31. 31. Code examples
    32. 32. Multipart figures <ul><li>Multipart figure with one caption for all three pieces and the two math operators, which most likely have not been set as part of the image file[s]. </li></ul>
    33. 33. Unreferenced figures <ul><li>Which piece of text does this unreferenced image need to anchor to in the XML? </li></ul>
    34. 34. <ul><li>This chunk…from the previous page </li></ul>Unreferenced figures cont.
    35. 35. Cross references <ul><li>What happens if you want to combine this with content from a title that uses the term modules ? </li></ul><ul><li>What happens to the reference of ‘ previous ’ if the sections are rearranged? </li></ul><ul><li>What if the name of the referenced section changes? </li></ul><ul><li>What if the referenced section is deleted completely or not used when the Serving XML chunk is repurposed? </li></ul>
    36. 36. Position references <ul><li>What happens if this title were reformatted so that the image no longer ‘ followed ’ the callout? </li></ul>
    37. 37. <ul><li>3 </li></ul><ul><li>Business Decisions </li></ul>
    38. 38. <ul><li>Set project goals </li></ul><ul><li>Plan for content reuse </li></ul><ul><li>Choose a conversion format </li></ul><ul><ul><li>XML vs. PDF </li></ul></ul><ul><ul><li>vs. structured database </li></ul></ul><ul><ul><li>vs. hybrid approach </li></ul></ul>3 Business considerations
    39. 39. <ul><li>What are your goals? </li></ul><ul><ul><li>Be sure you know what they are </li></ul></ul><ul><ul><li>Clearly articulate internally & externally </li></ul></ul><ul><li>Manage expectations </li></ul><ul><li>Each group will have its own agenda! </li></ul>Set project goals
    40. 40. <ul><li>Market needs </li></ul><ul><li>Community wants/desires </li></ul><ul><li>New product ideas </li></ul><ul><ul><li>Known & potential reuse </li></ul></ul><ul><ul><li>Explore new platforms </li></ul></ul><ul><ul><li>Research industry trends & competitive products </li></ul></ul><ul><li>Meeting federal/state requirements </li></ul>Plan for content reuse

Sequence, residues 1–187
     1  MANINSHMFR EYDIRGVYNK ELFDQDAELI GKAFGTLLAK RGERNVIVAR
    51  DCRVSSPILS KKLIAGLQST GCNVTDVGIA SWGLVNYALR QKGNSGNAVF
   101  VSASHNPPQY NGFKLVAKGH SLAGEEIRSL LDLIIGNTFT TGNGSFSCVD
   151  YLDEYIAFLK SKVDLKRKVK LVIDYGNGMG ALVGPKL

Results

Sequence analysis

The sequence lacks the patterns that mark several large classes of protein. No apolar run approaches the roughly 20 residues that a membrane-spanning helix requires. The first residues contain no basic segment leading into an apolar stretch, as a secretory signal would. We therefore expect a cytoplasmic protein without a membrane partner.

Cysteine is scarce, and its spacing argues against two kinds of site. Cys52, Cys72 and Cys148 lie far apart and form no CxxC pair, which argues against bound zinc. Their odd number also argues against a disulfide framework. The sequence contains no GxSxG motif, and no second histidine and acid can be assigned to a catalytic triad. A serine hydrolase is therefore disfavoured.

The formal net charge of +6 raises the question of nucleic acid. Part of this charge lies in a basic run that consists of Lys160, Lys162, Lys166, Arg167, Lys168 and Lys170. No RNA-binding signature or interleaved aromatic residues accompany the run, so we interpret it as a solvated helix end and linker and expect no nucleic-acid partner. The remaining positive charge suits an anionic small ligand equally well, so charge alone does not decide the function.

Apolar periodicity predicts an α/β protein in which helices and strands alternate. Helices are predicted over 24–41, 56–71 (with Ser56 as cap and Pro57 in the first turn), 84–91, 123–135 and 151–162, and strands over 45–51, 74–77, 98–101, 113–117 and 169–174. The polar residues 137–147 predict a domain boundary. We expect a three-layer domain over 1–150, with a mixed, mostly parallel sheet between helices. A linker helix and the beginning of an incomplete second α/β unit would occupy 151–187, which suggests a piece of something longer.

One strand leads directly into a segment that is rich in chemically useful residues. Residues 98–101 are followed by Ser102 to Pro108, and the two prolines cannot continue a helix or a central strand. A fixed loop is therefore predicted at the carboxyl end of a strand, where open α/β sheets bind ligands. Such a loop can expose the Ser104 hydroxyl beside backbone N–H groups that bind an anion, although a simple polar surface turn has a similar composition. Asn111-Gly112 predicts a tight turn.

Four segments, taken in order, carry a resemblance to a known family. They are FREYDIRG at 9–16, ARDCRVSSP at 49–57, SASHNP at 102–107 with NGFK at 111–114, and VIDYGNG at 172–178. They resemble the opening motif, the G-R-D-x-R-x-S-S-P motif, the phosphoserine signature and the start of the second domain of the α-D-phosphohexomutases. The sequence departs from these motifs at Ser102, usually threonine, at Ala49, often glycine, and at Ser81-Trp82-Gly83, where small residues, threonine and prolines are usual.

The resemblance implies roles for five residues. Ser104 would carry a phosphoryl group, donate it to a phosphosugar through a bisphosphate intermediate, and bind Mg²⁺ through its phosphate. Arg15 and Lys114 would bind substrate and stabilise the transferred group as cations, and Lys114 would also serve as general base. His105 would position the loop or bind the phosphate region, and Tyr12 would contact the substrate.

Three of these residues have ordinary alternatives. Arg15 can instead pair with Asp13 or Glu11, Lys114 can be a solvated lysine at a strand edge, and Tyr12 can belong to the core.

41. 41. <ul><li>Consider the end product/platform/use </li></ul><ul><li>Consider future needs/use </li></ul><ul><li>Consider budgetary restrictions </li></ul><ul><li>Consider schedule/deadlines </li></ul>Choose a conversion format In-depth content analysis is necessary regardless of final format chosen!
    42. 42. <ul><li>Advantages </li></ul><ul><ul><li>Completely searchable </li></ul></ul><ul><ul><li>Flexible – can be rendered many times in many different ways while leaving content intact </li></ul></ul><ul><ul><li>Stores content in a meaningful way </li></ul></ul><ul><ul><li>Allows seamless content repurposing </li></ul></ul><ul><li>Disadvantages </li></ul><ul><ul><li>Not human-eye friendly, will need to be rendered </li></ul></ul><ul><ul><li>So many decisions [DTD, schema] </li></ul></ul><ul><ul><li>Requires more technical support & infrastructure </li></ul></ul><ul><ul><li>Generally a longer production cycle </li></ul></ul>XML
    43. 43. <ul><li>Advantages </li></ul><ul><ul><li>Human-eye friendly </li></ul></ul><ul><ul><li>Added interactivity can be useful to end users </li></ul></ul><ul><ul><li>Generally faster, cheaper </li></ul></ul><ul><li>Disadvantages </li></ul><ul><ul><li>Limited searchability –fully searchable PDFs can be almost as much work as XML conversion </li></ul></ul><ul><ul><li>Content repurposing is evident to end user </li></ul></ul><ul><ul><li>Content is not stored in a meaningful way </li></ul></ul><ul><ul><li>Inflexible </li></ul></ul><ul><ul><li>Adding metadata & links </li></ul></ul>PDF
    44. 44. <ul><li>4 </li></ul><ul><li>The Backlist Project Team </li></ul>
    45. 45. <ul><li>Functional areas & staffing </li></ul><ul><li>Considerations </li></ul><ul><li>Project management </li></ul><ul><li>Vendor[s] </li></ul>4 The backlist project team
    46. 46. <ul><li>Identify functional areas to include & determine team size </li></ul><ul><li>Discuss project goals to build consensus & gain support </li></ul><ul><li>Establish expectations & roles </li></ul>Functional areas & staffing Training Group Production Technology Rights & Permissions Vendor Management Content Services Production Editorial Project Management
    47. 47. <ul><li>Is staff dedicated to this project only? </li></ul><ul><li>Will volume of work be reasonable? </li></ul><ul><li>Are expectations clear? </li></ul><ul><li>Did you build consensus for this initiative? </li></ul><ul><li>Are appropriate technical resources available? </li></ul>Considerations